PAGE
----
originally posted by: TarzanBeta
I think you're not understanding.

To me, for my personal research and my own pool of knowledge, it is empirical. I ran a TEST on my middle child.



I do understand, but you are not a scientist conducting a controlled test, controlled in such way there are no variables influencing the outcome. If you did that would be empirical observation.

A random test on your child is anedoctal. You may disagree but that's how science works, sorry.


For someone claiming to be a scientist, you made loads of assumptions about how I conducted my test.

That being said, my data set belongs to me. No desire to prove to anyone. Not patient enough. Especially with people who claim they're scientists, but make assumptions about how something was done without even asking.

Time to go back to the basics, friend.



posted on Jan, 10 2017 @ 10:55 AM
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a reply to: TarzanBeta

what we are dealing with here aside from the egos staunch unwillingness to admit wrong or even acknowledge the existence of nuance, is the deep indoctrination and programming of an institutionalized mind. Its very sad to see and as we are experiencing first hand is almost impossible to reason with. Appeals to authority, appeals to ignorance, character assassination, appeals to absurdity....the list is growing.



posted on Jan, 10 2017 @ 10:58 AM
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originally posted by: TarzanBeta
You're proving his point. I observed, gathered data, ran a test attempting to prove my bias wrong, observed again, gathered data, recorded it, and here we are. And I've recorded some of it here for you.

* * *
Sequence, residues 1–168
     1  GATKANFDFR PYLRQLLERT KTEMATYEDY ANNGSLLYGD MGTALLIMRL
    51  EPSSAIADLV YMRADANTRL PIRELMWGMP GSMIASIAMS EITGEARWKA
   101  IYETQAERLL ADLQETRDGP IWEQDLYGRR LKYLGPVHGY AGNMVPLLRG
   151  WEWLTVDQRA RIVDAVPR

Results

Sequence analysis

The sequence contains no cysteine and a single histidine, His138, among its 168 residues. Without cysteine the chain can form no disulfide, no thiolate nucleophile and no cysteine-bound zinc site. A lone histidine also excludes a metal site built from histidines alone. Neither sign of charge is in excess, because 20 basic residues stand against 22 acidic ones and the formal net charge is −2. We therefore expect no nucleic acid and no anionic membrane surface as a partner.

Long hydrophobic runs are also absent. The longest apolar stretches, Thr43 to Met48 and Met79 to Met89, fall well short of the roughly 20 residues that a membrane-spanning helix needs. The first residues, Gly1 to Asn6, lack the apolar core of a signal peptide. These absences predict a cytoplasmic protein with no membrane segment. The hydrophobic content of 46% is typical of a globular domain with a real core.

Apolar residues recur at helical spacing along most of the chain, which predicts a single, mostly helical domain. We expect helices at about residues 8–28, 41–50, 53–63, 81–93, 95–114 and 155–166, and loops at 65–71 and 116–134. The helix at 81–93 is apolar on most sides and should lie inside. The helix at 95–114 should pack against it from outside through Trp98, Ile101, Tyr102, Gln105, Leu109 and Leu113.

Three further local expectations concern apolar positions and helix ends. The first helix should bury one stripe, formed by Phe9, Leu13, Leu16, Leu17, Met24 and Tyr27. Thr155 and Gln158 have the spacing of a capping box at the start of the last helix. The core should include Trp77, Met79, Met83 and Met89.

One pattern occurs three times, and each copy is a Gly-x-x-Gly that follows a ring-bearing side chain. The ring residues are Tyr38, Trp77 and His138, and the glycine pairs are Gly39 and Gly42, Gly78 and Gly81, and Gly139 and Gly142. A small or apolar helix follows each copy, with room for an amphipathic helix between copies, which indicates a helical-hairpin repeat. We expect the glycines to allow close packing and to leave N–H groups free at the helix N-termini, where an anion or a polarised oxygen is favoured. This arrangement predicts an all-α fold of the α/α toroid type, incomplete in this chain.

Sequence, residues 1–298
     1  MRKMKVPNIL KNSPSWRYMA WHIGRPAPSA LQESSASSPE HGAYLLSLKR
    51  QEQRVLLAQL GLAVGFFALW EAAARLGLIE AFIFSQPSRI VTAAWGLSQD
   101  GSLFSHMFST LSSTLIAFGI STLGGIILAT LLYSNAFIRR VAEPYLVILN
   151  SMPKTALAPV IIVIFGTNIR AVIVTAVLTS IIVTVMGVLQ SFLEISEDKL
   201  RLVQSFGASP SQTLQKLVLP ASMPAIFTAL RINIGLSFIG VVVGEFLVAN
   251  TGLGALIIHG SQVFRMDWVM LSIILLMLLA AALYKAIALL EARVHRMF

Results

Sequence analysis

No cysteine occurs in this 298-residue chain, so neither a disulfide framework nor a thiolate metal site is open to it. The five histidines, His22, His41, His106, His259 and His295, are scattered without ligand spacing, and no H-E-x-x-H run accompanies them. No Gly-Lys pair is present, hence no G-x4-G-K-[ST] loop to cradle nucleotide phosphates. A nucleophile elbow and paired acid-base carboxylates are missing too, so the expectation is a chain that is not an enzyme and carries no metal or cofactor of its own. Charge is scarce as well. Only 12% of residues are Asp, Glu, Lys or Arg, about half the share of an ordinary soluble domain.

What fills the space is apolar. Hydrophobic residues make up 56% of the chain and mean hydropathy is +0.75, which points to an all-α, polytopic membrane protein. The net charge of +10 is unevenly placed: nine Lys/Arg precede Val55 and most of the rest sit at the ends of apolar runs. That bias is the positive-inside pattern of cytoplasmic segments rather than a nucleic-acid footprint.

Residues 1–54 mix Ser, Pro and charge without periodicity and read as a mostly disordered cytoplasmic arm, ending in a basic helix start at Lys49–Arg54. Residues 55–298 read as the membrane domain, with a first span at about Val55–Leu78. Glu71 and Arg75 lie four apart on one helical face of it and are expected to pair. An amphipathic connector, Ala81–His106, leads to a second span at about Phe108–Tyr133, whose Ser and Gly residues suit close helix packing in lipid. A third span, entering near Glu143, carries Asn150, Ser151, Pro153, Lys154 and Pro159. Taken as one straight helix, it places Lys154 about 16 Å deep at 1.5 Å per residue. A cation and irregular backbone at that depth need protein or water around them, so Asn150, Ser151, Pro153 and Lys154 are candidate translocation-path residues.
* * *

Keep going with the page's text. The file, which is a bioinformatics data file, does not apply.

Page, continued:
I didn't just, "all my babies been made stupid by the needle juice, they banging their heads off the walls cause I ignore them and feed them nothing but cheetoes! Ya got ta believe me!"

Think about it.


See my reply above. That's not what a controlled test is. Yours is personal experience, anedoctal, could not be empirical unless you meet certain conditions which are necessary for a real controlled scientific test. You did not meet those conditions. It was just you doing an experiment with your child. I don't know how else to explain it.

Scientists observing and recording data after a well designed research method in a controlled environment : empirical.

A dad experimenting and observing his child: anedoctal.



I don't know how I can explain it any different.



posted on Jan, 10 2017 @ 11:03 AM
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a reply to: Agartha

youre cherry picking. Another definition for you. Notice the PRIMARY, and FIRST, as well the second definition, have nothing explicitly to do with science.